Friday, June 8, 2007
Douglas Dubler - Inspiration, Execution, Observation
Douglas Dubler is the kind of pro who likes to have complete control over his work. He operates in an environment of tight schedules and highly demanding results.
While the plan looked good on paper, Nicole, the Summer girl and the first scheduled shot of the day, was sitting in a doctor's office after having had an allergic reaction to something she ate the night before. Once healed and fortified, she managed to hit the set 40 minutes into the day and got straight down to business.
White functioned as the creative counterpart for seeing the project through. “I work with Douglas as the other half of the art direction team. He came up with the project and we sat down over a few days, throwing ideas back and forth until we found one we felt we could really take to another place. I helped with casting next, suggesting girls that I had either worked with or knew so that Douglas could see them.”
White also served as a creative sounding board for Dubler during the various stages of production. “Douglas relied on me to help keep the team streamlined in clarity of direction and vision so that he could focus on the rest of the technical team. I built the sets, gave the hairstylist for Summer and Spring the launching pad for what I felt was needed for the shots, while Douglas more than surpassed expectations with his creativity. Peter Lennon, the costume designer, took our ideas and ran with them. Overall, we've all worked together before, so the only issue was in making sure the makeup and hair crew knew exactly what was expected of them so we could work under tight time constraints.”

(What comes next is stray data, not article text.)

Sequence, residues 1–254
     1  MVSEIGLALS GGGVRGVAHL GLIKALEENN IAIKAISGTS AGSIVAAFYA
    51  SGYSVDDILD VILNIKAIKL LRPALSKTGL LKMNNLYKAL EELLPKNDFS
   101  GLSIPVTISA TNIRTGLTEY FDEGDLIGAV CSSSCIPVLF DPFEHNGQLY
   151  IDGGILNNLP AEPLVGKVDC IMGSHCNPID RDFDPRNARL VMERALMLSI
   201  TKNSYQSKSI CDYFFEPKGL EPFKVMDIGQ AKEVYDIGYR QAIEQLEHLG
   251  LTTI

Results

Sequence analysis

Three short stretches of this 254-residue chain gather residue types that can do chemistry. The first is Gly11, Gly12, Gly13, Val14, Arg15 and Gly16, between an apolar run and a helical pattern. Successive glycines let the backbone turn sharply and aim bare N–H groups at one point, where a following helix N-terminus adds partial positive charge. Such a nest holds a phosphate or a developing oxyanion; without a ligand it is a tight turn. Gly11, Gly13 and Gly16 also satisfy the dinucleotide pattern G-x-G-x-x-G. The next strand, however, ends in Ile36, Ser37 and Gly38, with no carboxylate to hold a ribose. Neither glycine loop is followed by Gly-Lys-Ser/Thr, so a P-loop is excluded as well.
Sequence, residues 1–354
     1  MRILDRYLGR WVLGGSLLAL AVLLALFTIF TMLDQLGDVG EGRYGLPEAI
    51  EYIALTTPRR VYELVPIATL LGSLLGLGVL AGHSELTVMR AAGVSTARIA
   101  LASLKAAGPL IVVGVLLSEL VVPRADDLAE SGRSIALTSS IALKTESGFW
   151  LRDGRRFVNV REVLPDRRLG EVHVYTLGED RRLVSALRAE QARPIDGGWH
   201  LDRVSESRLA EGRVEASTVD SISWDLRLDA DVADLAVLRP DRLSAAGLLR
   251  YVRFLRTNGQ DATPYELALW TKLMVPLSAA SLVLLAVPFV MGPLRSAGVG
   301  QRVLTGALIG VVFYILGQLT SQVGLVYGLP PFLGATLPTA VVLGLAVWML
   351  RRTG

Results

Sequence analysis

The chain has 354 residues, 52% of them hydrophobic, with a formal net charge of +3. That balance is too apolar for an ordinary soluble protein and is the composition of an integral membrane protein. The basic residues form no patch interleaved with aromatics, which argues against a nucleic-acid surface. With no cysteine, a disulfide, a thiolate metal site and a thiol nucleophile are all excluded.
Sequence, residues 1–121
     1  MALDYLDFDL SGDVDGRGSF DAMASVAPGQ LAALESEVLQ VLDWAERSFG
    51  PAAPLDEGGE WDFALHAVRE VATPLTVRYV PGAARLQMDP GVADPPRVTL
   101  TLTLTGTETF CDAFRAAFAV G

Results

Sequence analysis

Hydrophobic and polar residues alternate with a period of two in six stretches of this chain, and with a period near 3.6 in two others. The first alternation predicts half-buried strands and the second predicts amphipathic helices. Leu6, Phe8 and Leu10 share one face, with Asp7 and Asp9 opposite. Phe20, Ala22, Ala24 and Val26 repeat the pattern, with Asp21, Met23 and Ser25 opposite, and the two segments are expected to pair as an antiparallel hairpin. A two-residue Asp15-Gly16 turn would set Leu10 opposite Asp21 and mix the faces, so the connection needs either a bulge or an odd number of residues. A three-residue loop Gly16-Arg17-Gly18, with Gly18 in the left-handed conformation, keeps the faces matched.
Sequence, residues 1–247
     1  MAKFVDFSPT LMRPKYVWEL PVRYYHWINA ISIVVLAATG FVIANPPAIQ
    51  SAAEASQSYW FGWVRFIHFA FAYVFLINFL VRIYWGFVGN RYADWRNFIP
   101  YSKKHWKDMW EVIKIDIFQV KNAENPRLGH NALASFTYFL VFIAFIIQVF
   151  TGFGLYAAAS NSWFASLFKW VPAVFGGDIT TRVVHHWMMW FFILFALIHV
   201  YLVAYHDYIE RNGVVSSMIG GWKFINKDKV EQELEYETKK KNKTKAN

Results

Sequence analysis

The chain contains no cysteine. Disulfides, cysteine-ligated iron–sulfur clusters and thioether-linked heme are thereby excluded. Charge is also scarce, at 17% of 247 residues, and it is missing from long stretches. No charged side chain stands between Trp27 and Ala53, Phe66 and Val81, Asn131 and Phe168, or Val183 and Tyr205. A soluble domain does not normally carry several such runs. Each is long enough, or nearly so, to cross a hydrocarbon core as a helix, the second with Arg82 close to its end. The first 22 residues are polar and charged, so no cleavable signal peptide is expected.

Any intense job like this one is apt to have special challenges. Considering the time constraints and the client's needs, Epson had people at the studio during the entire day. Anytime the client is watching over you, there's an added amount of stress involved. Plus, today's high-tech-savvy art directors are likely to be diving into the process right there in the studio if they can.
Keeping control over the whole shoot is the job of the photographer. Dubler says the trick is to get the client involved and give them a feeling of control without actually letting them gain control of the shoot. It's a fine line, but in an age when images can be pumped directly into a terminal where the client can start making changes, it's a line the photographer must walk. Communicating with and educating the client kept the Epson shoot moving forward throughout the day.
Being so heavily digital also clearly was key to completing the job. Dubler provided a one-stop shop for Epson, from the logistics of the shoot through the retouched and matched images. Says Epson's Mark Radogna, “There are a lot of photographers who could pull off this shoot for Epson, but Douglas makes our life so easy during the process that he stands apart.”
To see more of Douglas Dubler's photography, visit www.douglasdubler3.com.
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